by Rick Hampson
In Morgantown, W. Va., when the red kettles appear each year, the questions start: “When’ll he drop it? Has he dropped it? Will he drop it?” Finally, the Salvation Army commander’s phone rings. The bank has a simple message: “It’s there.”
For 25 years, through war and peace, boom and bust, someone has secretly dropped $1,000 into a kettle at Christ-mastime in this otherwise unremarkable college town.The mysterious gift has evolved into a seasonal meditation on the meaning of giving.
In 1972, inflation was rising so fast President Nixon had imposed wage and price controls; Vietnam peace talks were so slow he’d resumed bombing North Vietnam. In a period of three days, four B-52s were shot down. Someone had broken into Santa’s House on Courthouse Square twice in a week, stealing lights and decorations.
The community’s new Salvation Army commander, Capt. William Crabson, was trying to brighten this grim season, but he’d had trouble getting articles in the newspaper. He went to see the editor.
Then, on December 12, Crabson got a call from the First National Bank president. “I have a friend who wants to make a large donation, but he doesn’t want anyone to know,” the banker said. “It’ll be in the kettle in front of the bank, wrapped in a $1 bill.”
The Captain didn’t have to feign surprise for the kettle volunteer’s benefit when he unfolded the dollar bill: he was looking at the face of Grover Cleveland. The story not only made the local paper, but also papers around the country.
In 1972, a thousand dollars was still a lot of money, especially in one of the country’s poorest states. Morgantown had something to talk about besides the economy. The day after the story broke, contributions doubled. By Christmas the kettle drive had raised $7,400, a quarter of the post’s annual budget.
In the years that followed, the same scenario was played out, and the spirit seemed to be catching. In 1973, a poor little boy brought eight cents to the town’s Christmas party so Santa could have a Christmas present. In 1981, another anonymous donor put in $1,000, in hundreds. The following year, someone dropped five one-ounce gold coins into a kettle in Crystal Lake, Ill., spurring a Christ-mas tradition that spread through the Chicago area.
Meanwhile, the $1,000 Christmas donation became Morgantown’s version of Punxsutawney’s Groundhog Day.
Everyone wondered: Who was the donor? A few found out. One year, Crabson got the call and arrived at the kettle a little early. He saw a man, accompanied by the bank president, dropping something into the pot. It was Hale Poston, an elderly, old fashioned lawyer who didn’t even drive. Poston died in 1983, but that Christ-mas, nothing changed: same call, same kettle, same amount. His role had been quietly assumed by the bank president, Martin Piribek. When Piribek died in 1992, however, those who suspected he was the donor wondered what would happen.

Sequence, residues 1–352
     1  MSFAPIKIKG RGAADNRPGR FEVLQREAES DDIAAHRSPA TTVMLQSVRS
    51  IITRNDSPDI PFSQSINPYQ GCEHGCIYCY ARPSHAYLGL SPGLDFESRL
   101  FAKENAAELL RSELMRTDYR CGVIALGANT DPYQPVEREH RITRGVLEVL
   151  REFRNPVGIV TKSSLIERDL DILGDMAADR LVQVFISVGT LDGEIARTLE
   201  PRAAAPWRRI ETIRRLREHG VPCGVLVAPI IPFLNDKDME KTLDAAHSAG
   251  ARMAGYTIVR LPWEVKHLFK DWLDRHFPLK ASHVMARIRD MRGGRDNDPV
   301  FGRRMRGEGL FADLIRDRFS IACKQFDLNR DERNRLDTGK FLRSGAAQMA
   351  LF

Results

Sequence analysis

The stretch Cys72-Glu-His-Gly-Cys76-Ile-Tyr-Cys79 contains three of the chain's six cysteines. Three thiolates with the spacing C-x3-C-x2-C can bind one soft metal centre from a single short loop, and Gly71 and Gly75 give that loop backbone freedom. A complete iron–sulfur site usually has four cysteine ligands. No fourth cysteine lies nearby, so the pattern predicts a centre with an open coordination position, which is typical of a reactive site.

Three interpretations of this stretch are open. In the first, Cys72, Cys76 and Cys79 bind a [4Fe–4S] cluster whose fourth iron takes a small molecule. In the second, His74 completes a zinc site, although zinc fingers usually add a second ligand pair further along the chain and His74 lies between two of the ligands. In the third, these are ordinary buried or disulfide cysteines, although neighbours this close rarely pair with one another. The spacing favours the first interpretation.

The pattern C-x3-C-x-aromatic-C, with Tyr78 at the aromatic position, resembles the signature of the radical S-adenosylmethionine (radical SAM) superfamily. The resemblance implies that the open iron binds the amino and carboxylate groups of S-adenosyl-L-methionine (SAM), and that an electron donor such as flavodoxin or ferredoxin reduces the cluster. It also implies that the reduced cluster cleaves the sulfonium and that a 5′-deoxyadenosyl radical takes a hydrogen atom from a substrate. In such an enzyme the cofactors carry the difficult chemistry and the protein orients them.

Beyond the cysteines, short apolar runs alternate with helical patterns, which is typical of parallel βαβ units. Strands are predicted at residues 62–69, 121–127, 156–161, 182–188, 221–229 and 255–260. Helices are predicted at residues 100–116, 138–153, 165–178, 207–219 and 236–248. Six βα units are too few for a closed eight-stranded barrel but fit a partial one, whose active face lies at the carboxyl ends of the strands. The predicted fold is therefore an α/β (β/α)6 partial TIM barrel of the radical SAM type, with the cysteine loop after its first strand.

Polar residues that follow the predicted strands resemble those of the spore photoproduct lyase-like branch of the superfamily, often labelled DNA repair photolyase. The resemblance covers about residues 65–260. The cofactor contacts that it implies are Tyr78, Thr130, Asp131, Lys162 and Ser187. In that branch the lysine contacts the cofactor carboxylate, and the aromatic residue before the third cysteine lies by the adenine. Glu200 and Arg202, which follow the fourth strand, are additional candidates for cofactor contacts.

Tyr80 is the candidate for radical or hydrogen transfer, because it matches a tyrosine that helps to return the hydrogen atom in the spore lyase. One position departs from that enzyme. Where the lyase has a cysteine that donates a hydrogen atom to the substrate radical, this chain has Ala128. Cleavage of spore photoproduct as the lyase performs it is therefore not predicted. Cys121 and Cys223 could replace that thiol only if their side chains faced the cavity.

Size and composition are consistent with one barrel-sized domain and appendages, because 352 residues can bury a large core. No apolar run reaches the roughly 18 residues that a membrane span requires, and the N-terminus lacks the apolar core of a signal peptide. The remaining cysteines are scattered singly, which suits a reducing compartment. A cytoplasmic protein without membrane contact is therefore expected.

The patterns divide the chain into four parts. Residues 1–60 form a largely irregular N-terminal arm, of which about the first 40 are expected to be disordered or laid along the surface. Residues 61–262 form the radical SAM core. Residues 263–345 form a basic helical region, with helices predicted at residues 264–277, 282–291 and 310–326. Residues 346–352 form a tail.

For one thing, the $1,000 bill disappeared. Instead, for the next three years, The Salvation Army received two 1934 $500 bills. In 1995, the donation came in the form of an 1881 U.S. $10 gold coin worth about $1,000.
Now, the donations were turning up in different kettles at different times before Christ-mas. Sometimes December 25 drew ominously close, making people worry.
The tradition continued, and so did the spirit it symbolized. Last year, the Morgantown Christmas kettles collected $100,000–up $92,600 from 1972–and The Salvation Army served more people in a month than it did in all of ’72.
“The money’s nice,” says Lt. Roy Williams, corps officer in Morgantown since 1994, “but the story is worth a lot more than a thousand dollars.”
The story leads some Morgantowners to think about the meaning of giving, and to regard the town’s Christmas tradition as a mystery in a deeper sense.
Then one time a man met with Williams and explained what happened.
“I was outside the bank about ten years ago when I saw this guy put the thousand dollar bill in the kettle,” he recalled. “I asked someone who it was and he said Piribek the banker. So when Martin died, I thought someone should keep it up. It’s a neat tradition,” he says. “My family and I do it and then we sit around and giggle. People ask us, ‘Who do you think it is?’ and we suggest all kinds of candidates. It’s almost indecent to get so much enjoyment out of this.”